Sam Cox, a retired Navy rear admiral and director of the Naval History and Heritage Command states in the Times article that as the U.S.S. Johnston DD 557 was sinking, the crew of a Japanese destroyer saluted the vessel.

“They didn’t think Americans had that kind of bravery,” he said, “so that surprised them.”

Serving at Home with Devotion and Courage

The most important event while on board a ship at sea was mail call. During the Vietnam War, deployments away from home ports, would extend for months. While away, there was no contact possible with home except letters. Military families serve along with their active duty kin. My wife wrote this letter while living “on the economy” in Hayama, Japan with our 15 month old daughter, Lara. Windham County, LST 1170, was supporting a Navy Seal and Vietnamese ranger outpost called Solid Anchor on the Cau Mau peninsula at the very tip of Vietnam. As Supply Officer, I paid the Seal Unit and their US support with military pay certificates (MPC), transported oven roasted turkey dinners to the base on Christmas and ran a ship’s store outlet selling boom boxes, current cassette tapes and geedunk (snacks). Mail deliveries aboard ship were by helicopter from Saigon on an irregular schedule.

February 2, 1971

Dearest:

It’s a “burr-freezing” morning as Lara and I say. Imagine her clinching her little fists and scrunching up her cute face and trying to shiver. That’s what it’s like. The thermometer has been in the mid-twenties at night, in the forties during the day. So it isn’t really cold but it sure feels it without any heat. . .

Even if June 1 is the beginning of a year unaccompanied tour, I’ll have a 90 day grace period so I can stay here and have our new baby and go back to the states 6 weeks later. In that way you may be able to see and hug the baby. If the ship isn’t in you may be able to take a little leave. The CO sounds like a compassionate guy. . .

Both Cindy and Margie (wives of shipmates) got mention in their letters that you were caught at Solid Anchor during the last mortar attack and that one American had been wounded but they didn’t know if it was you. I told than I had already heard from you and that you were only suffering from a mosquito attack. Please be careful. . .

Lara has just started another one of her biweekly colds so we have to stay in for a couple of days. I can’t figure out what I’m doing wrong—except maybe chilling her but it’s all her fault. She is the one that wants to stay out and won’t leave her mittens on. . .I’ll be glad when winter is over!

Mom sent me three more Montessori books so I’ve been reading–that’s why I haven’t written in a few days. . . Will write again tomorrow.

Love and Kisses, MA

“ED” Talks for Credit Unions: Cooperative Ideas Worth Spreading

TED talks are a relatively new learning paradigm. Not only have these presentations expanded in both depth and breadth, but they have even become the curriculum for educational courses.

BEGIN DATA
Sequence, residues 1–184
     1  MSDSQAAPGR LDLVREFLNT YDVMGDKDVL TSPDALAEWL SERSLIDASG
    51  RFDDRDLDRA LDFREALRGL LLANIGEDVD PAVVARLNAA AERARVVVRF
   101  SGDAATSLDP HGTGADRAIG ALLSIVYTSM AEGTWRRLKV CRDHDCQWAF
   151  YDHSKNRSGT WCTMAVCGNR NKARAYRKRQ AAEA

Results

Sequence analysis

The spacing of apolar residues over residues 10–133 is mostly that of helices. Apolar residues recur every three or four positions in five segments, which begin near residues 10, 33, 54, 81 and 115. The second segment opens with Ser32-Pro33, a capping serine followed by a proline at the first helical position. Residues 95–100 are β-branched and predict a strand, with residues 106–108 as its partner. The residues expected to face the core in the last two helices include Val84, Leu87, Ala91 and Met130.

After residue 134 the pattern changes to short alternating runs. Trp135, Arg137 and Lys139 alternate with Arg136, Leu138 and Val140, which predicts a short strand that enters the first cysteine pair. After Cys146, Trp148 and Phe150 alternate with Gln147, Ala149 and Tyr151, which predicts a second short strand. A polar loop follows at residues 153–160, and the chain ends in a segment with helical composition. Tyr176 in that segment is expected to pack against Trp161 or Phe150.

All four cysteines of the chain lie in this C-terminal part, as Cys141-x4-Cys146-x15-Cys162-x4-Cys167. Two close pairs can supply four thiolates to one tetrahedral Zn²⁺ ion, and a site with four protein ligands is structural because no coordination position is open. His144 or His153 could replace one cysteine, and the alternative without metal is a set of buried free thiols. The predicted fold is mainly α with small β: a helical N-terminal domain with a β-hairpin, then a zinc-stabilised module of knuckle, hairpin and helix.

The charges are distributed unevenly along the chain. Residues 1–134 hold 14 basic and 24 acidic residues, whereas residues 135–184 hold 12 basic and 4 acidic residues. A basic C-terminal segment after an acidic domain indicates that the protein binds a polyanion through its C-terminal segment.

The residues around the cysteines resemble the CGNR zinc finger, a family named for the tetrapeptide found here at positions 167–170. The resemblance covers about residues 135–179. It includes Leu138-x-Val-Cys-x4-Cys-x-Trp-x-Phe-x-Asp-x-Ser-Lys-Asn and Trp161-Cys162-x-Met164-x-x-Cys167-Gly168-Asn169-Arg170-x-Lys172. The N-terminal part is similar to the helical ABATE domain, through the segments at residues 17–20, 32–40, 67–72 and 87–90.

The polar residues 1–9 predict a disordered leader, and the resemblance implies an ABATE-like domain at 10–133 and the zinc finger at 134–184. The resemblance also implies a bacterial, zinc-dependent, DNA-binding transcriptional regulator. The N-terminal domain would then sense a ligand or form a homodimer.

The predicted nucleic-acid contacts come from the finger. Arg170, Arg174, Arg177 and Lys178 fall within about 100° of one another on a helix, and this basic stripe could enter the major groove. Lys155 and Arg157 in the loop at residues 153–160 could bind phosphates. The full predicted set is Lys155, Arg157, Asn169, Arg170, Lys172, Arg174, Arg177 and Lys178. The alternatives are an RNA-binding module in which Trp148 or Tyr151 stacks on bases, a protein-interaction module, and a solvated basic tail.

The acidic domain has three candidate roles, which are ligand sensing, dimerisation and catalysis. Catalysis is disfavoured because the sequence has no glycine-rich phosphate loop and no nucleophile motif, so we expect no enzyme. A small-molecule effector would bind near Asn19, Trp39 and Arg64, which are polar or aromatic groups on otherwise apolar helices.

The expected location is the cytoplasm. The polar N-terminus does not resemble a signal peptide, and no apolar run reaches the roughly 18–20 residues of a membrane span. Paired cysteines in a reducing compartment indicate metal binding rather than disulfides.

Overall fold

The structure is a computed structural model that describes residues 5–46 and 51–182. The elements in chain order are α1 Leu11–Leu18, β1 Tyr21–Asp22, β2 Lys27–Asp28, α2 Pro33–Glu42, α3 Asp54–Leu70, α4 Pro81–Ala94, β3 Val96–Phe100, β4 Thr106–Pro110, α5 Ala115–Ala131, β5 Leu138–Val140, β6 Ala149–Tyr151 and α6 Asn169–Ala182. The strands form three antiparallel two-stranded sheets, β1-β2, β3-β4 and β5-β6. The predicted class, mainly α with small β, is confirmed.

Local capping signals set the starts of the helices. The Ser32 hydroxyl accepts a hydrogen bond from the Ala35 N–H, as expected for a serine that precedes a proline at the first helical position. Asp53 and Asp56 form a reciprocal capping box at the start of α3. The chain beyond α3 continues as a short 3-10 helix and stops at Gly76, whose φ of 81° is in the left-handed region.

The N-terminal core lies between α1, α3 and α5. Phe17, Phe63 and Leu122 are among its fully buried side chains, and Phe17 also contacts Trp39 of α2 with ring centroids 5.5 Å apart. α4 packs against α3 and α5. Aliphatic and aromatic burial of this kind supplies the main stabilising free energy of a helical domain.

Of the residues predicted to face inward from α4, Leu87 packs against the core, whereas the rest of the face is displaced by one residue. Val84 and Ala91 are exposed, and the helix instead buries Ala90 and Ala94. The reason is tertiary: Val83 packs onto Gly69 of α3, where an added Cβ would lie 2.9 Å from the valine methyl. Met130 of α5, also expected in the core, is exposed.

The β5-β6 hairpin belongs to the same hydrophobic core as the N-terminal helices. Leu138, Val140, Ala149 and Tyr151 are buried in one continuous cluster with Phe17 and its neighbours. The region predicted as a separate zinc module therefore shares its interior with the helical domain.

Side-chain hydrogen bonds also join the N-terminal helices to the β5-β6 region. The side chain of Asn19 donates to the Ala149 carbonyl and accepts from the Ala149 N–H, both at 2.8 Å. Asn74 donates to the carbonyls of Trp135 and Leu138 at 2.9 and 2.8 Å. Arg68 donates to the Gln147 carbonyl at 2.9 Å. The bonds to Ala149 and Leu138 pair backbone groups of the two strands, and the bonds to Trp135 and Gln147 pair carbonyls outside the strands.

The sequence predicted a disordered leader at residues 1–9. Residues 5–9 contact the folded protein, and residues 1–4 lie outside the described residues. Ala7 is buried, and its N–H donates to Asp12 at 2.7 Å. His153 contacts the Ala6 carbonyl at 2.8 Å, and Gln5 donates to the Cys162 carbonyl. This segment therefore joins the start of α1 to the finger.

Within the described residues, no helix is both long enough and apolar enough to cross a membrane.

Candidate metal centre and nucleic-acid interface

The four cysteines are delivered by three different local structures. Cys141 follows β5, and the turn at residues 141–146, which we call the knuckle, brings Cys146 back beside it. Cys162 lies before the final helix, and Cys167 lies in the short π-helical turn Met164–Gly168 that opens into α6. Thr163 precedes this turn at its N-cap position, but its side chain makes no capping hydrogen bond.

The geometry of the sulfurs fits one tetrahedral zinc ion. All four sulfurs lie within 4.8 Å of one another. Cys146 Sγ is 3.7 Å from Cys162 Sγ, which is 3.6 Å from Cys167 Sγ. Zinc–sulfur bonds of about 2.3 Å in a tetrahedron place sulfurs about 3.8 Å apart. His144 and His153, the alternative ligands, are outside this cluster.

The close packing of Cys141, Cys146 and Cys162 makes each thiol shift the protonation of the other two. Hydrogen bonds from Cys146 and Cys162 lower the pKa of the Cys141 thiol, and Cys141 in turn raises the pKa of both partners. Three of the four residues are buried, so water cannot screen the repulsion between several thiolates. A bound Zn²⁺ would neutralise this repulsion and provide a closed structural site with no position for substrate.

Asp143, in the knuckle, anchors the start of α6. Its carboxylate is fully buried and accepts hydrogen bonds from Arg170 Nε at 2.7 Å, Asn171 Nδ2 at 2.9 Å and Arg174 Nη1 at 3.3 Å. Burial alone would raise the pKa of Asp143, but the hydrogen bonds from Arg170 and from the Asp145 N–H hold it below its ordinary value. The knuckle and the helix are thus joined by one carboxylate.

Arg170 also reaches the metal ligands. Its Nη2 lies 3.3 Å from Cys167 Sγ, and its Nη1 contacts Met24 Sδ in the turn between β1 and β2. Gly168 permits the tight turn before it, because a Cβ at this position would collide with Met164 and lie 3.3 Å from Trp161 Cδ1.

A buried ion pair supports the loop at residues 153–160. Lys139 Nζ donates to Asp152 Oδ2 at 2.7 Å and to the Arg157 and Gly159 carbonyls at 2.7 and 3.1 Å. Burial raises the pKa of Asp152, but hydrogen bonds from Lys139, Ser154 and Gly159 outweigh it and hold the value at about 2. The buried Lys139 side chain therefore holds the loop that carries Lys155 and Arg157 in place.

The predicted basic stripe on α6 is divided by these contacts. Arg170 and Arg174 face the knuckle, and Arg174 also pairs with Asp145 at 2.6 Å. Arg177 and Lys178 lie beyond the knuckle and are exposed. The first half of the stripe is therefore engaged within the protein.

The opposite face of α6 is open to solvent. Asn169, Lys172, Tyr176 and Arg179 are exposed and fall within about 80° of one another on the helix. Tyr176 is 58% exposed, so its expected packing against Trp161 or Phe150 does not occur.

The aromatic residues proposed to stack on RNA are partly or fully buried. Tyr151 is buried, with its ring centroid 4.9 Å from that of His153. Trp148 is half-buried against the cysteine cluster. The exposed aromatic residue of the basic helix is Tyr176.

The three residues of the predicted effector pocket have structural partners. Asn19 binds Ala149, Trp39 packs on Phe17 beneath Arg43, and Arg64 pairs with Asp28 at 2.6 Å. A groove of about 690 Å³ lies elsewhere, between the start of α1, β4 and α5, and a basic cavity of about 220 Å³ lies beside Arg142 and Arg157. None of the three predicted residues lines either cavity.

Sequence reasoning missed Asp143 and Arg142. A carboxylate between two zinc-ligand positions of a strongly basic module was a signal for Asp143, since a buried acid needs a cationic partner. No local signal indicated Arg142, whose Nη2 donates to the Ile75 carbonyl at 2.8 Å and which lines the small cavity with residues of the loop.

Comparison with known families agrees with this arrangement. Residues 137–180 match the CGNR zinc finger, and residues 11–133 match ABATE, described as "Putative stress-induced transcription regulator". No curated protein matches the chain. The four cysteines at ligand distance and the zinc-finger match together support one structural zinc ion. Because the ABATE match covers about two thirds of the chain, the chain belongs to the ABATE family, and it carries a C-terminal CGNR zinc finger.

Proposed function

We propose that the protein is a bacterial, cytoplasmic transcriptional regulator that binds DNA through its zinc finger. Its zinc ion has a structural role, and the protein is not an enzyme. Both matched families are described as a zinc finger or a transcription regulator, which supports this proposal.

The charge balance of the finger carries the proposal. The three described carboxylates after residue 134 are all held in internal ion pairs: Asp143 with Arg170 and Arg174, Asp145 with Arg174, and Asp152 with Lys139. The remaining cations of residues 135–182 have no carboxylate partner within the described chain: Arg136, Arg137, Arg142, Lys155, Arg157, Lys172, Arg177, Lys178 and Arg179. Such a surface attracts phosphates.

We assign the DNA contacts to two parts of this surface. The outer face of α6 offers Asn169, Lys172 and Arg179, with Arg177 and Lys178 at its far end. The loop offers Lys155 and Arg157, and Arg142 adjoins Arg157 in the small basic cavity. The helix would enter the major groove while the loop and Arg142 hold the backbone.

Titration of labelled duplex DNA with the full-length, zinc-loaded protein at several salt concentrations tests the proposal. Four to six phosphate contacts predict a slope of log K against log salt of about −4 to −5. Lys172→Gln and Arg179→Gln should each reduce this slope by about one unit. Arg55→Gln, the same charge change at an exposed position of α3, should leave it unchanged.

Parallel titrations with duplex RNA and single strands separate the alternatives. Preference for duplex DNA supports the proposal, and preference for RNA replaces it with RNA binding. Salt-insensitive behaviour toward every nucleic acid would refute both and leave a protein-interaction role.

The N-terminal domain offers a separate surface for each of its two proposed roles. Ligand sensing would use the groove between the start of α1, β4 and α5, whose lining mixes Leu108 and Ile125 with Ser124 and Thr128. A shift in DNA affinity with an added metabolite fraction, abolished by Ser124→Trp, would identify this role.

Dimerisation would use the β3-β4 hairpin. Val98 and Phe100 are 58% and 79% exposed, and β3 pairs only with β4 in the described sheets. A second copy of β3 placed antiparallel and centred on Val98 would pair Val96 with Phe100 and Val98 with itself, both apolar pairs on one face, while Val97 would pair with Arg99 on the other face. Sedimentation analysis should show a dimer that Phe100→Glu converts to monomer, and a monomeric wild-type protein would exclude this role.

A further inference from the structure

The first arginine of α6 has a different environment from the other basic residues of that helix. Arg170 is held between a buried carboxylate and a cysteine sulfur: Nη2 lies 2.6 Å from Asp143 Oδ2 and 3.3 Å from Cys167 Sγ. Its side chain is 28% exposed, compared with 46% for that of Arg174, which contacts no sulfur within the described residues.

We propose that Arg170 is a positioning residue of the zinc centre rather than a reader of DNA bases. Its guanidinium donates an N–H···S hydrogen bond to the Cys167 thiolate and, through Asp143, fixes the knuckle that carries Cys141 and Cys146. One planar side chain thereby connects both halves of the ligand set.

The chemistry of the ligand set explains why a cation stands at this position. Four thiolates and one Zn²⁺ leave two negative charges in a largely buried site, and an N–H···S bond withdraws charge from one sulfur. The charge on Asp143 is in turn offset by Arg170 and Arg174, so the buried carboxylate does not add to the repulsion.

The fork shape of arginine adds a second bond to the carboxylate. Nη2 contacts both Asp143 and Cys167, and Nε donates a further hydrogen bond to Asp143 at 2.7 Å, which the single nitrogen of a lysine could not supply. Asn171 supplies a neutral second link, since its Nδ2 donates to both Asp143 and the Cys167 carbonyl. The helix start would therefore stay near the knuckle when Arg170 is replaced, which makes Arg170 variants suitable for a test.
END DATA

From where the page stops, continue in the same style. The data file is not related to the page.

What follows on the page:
As described on their home page, TED is a nonprofit devoted to spreading ideas, usually in the form of short, powerful talks (18 minutes or less). TED began in 1984 as a conference where technology, entertainment and design converged, and today covers almost all topics — from science to business to global issues — in more than 100 languages.

Its mission is simple: to spread ideas. “We believe passionately in the power of ideas to change attitudes, lives and, ultimately, the world. On TED.com, we’re building a clearinghouse of free knowledge from the world’s most inspired thinkers — and a community of curious souls to engage with ideas and each other.”

ED Talks: a Clearing House for Cooperative Thinkers

I believe there is a parallel opportunity for such a resource in the credit union cooperative community. We have both a wealth of current leaders and historical examples that can be shared to educate and inspire change similar to the TED exchanges.

An “ED” Talk: Choice and Credit Union Success

In June 1986, the savings and loan crisis was beginning to emerge into a full blown industry debacle. Among the first causalities were the private insurance options available in several states (Ohio, Rhode Island) for mutual S&Ls. The closing of these funds led to concerns about the multiple private insurance options for credit unions.

In this environment of fear, Ed Callahan spoke to the summer leadership conference of the Association of Credit Union League Executives (ACULE).

He asserted that the five years of unparalleled success since deregulation proved credit unions had created the best financial system in the country. But there was a threat.

The industry’s success was based on choices. That vital characteristic was being undermined by “panic” and a failure of leadership.

Listen to this two-minute excerpt in which he makes the case with passion and logic for why choice is central to cooperative performance.

Best System:

The Insight for Today

Throughout credit union history there have been efforts to create single source solutions. Examples include state leagues, a one-stop option for required fidelity bonds, and a dominant service bureau data processing company (CUNADATA). It is easy to confuse a single, uniform solution as the best way to achieve cooperative system.

Ed states the years of success years after deregulation enhanced choice by opening up options that are now threatened by a monopoly share insurer.

His concern about no choice of a share insurer except the NCUSIF, is certainly as critical today as 35 years ago. For if this logic continues to prevail in credit union land and beyond, a potential next easy move is to have just one federal insurer called the FDIC.